It would be easy to sway towards the demand and use this week to press home the issue – ‘herbivores are right, omnivores are wrong’. But next week is choosing a different path. In a recent article, Monica Shaw caught up with two renowned vegetarian chefs who are not only providing eateries and cookery schools for meat-free diners but are also now accepting the fact that omnivores are not the enemy and just want to learn to cook vegetables that actually taste nice to go with their main course.

First of all, the Great British Chefs blogger caught up with Rachel Demuth, owner of the restaurant of the same name and ‘The Vegetarian Cookery School’. With the emphasis on time, the school has seen one of its cookery classes, ‘Fast and Delicious’, sell out time and again.

If you look inside anyone’s freezer, there is usually the odd bag of greens; beans, peas and even sprouts. But Rachel’s cookery class extols the virtue that everyone should have at least enough fresh vegetables in their pantry to be able to serve at least the minimum of fresh vegetables with every meal to add taste and nutrition alongside your canned and frozen vegetables.

Even if these are simply your staple vegetables – no need to go on a mad shopping hunt to try to find the exotic and expensive – Rachel’s recommendation is the simple frittata – simple, basic and suited to almost every veg you can name just to fry off in the basic egg mix.

Banging a similar drum is Mildred’s Vegetarian Restaurant head chef, Daniel Acevedo. Again, Daniel sees a fridge full of fresh veg as an absolute necessity. Although his interest is predominantly in the restaurant, he suggests that anyone looking to get their 5-a-day in every day (and not have to hold a victory parade on the day they achieve the feat once a month) always has the option of a simple salad or soup if there are fresh vegetables to hand.

There are plenty of planned events across the UK to run in conjunction with the Veg-fest, which officially gets under way Monday May 21st. If you’re looking to improve your vegetarian cookery prowess, there are plenty of choices on our cookery courses page that incorporate this niche, as well as a whole bulletin of other information to mark the event expected to go through the search engine pages.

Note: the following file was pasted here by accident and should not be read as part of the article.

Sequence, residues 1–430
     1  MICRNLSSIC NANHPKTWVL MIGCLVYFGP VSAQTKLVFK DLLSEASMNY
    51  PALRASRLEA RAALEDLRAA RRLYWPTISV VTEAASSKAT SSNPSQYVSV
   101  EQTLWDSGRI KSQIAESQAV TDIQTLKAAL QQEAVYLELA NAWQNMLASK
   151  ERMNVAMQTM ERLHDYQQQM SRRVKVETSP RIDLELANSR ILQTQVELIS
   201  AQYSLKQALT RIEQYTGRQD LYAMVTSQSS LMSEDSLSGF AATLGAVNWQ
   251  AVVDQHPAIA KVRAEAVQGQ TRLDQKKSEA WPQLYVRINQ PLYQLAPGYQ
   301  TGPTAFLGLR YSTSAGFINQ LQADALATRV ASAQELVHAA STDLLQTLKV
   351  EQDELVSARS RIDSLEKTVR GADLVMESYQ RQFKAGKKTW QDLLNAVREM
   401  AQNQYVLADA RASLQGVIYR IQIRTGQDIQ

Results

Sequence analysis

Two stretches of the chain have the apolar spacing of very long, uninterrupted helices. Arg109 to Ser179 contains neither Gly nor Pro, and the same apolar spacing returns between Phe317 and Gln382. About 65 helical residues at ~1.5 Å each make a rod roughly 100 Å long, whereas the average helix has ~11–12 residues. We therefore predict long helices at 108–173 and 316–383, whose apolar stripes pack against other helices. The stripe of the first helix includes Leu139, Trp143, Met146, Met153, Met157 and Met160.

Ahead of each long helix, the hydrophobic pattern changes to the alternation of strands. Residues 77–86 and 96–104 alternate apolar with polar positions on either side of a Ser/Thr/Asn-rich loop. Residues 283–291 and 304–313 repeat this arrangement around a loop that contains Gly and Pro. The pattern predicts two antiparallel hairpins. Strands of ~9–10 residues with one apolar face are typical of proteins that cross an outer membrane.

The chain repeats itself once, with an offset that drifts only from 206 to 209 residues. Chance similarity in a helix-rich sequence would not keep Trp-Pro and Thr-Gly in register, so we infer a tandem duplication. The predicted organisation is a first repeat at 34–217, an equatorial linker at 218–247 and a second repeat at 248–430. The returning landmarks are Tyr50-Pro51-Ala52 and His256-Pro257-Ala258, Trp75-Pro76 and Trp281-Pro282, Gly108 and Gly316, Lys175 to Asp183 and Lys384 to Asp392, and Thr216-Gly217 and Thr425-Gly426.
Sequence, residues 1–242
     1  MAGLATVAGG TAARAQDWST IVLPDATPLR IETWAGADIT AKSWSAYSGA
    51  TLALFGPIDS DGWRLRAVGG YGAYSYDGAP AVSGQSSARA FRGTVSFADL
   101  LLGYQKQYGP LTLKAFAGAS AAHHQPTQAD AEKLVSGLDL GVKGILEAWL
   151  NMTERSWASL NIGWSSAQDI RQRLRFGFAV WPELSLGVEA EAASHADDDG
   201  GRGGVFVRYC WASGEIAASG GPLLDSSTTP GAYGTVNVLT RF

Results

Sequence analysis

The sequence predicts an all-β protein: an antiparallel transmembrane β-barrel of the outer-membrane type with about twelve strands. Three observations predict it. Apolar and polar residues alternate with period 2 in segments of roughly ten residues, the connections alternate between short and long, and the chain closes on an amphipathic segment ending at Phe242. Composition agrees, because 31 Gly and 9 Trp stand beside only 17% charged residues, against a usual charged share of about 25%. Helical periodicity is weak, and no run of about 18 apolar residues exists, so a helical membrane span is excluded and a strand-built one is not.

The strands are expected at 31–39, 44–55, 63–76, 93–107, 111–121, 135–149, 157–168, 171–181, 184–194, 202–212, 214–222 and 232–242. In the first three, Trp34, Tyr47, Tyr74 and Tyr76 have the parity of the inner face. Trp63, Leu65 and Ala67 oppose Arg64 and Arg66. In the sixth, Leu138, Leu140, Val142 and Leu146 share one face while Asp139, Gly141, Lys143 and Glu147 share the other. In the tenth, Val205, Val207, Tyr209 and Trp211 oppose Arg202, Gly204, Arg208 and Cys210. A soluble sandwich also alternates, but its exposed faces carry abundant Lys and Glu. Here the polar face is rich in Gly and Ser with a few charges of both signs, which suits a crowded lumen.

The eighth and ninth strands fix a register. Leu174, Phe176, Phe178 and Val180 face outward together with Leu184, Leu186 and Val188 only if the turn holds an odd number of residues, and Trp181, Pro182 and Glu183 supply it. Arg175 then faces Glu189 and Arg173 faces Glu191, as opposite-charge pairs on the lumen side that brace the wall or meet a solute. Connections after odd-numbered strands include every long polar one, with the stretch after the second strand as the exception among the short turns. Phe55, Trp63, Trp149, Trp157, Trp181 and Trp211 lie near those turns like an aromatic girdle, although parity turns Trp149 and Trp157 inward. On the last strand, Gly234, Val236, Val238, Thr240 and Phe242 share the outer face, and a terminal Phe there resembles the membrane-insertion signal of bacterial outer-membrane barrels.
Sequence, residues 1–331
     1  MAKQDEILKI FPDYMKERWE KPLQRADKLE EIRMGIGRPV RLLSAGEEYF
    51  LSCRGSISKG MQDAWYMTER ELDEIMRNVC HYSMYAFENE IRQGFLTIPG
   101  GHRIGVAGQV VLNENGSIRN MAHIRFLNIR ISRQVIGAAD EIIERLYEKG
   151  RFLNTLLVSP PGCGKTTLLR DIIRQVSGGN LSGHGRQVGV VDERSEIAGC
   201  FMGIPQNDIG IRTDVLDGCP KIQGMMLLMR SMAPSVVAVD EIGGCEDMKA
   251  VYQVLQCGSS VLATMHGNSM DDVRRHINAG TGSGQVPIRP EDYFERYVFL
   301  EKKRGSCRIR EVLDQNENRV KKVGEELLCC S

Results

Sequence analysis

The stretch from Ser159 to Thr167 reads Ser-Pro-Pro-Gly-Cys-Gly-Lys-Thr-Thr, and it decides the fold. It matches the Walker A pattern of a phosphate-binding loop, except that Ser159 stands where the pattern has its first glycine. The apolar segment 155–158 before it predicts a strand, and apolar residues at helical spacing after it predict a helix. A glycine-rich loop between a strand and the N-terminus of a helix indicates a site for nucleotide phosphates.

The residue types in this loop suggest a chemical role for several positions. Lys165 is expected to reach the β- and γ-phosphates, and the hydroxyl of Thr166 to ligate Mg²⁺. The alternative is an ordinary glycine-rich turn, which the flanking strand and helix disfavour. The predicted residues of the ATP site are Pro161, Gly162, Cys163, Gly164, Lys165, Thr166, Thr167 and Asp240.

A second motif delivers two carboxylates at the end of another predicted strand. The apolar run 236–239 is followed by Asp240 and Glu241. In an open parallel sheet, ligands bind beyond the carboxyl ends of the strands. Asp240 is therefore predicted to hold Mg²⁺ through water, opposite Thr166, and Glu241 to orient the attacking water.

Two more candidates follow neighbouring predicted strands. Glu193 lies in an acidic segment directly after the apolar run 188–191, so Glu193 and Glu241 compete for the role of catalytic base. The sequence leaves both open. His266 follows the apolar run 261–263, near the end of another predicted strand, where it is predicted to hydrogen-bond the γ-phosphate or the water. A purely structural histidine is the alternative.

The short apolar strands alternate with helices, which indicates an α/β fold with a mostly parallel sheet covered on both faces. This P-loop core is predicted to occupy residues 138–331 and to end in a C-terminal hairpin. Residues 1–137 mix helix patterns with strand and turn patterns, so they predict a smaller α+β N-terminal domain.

No doubt I’ll meat meet you there.

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Cookery Courses News

More than just a cookery course from Arthritis Ireland

Let’s Cook! is a brand new venture being brought to the people of Galway by celebrity chef Stuart O’Keefe and is a program of free cookery courses designed to help those with Arthritis indulge in a passion they once enjoyed but now find difficult to do.

The initiative was the brainchild of Arthritis Ireland, who developed the course based on results from a healthy eating survey carried out amongst its members to see what troubled them the most about getting the right food inside them when it comes to tackling the kitchen. Relief from the pain of Arthritis is aided by quality nutrition; the problem is that, following the onset of rheumatoid arthritis, cooking fresh meals three times a day is not just a chore but a nightmare. Oh, yes – I know. (did I sound like Eric Burden, then?)

Abbott, the healthcare company, have also got involved with the cookery course, which will take place in the form of free work shops. With so much input, this particular venture will not be all about the cooking, which is what the participants of the survey suggest they need as more than a third (35%) often opted for off-the-shelf ready meals.